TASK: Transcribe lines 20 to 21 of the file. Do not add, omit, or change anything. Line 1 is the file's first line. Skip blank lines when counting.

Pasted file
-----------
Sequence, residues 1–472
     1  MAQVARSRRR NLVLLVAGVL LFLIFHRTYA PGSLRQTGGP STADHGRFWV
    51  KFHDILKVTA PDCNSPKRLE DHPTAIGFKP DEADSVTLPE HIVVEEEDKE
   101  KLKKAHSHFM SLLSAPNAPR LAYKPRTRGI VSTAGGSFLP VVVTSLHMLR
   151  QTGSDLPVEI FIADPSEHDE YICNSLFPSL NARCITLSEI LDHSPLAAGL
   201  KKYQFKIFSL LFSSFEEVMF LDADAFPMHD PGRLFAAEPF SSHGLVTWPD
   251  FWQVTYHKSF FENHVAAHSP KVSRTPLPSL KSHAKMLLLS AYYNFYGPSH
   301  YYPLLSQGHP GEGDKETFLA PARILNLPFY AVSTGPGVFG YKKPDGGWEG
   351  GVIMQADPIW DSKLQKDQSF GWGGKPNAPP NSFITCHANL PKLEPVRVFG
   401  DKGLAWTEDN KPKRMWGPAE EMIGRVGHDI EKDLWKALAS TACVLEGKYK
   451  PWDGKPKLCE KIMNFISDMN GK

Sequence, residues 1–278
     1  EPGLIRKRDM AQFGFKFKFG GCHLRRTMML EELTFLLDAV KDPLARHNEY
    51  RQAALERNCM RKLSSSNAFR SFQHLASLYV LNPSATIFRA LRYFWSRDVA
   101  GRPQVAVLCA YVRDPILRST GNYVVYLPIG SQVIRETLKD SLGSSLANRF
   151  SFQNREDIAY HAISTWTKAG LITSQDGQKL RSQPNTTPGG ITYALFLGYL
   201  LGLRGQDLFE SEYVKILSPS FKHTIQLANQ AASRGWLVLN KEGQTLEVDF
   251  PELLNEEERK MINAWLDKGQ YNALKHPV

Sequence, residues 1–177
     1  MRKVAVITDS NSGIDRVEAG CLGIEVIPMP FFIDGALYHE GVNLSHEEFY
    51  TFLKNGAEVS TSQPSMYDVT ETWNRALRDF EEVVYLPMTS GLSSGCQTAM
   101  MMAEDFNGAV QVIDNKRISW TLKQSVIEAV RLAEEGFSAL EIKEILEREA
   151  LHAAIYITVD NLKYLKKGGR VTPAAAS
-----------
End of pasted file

     1  MRKVAVITDS NSGIDRVEAG CLGIEVIPMP FFIDGALYHE GVNLSHEEFY
    51  TFLKNGAEVS TSQPSMYDVT ETWNRALRDF EEVVYLPMTS GLSSGCQTAM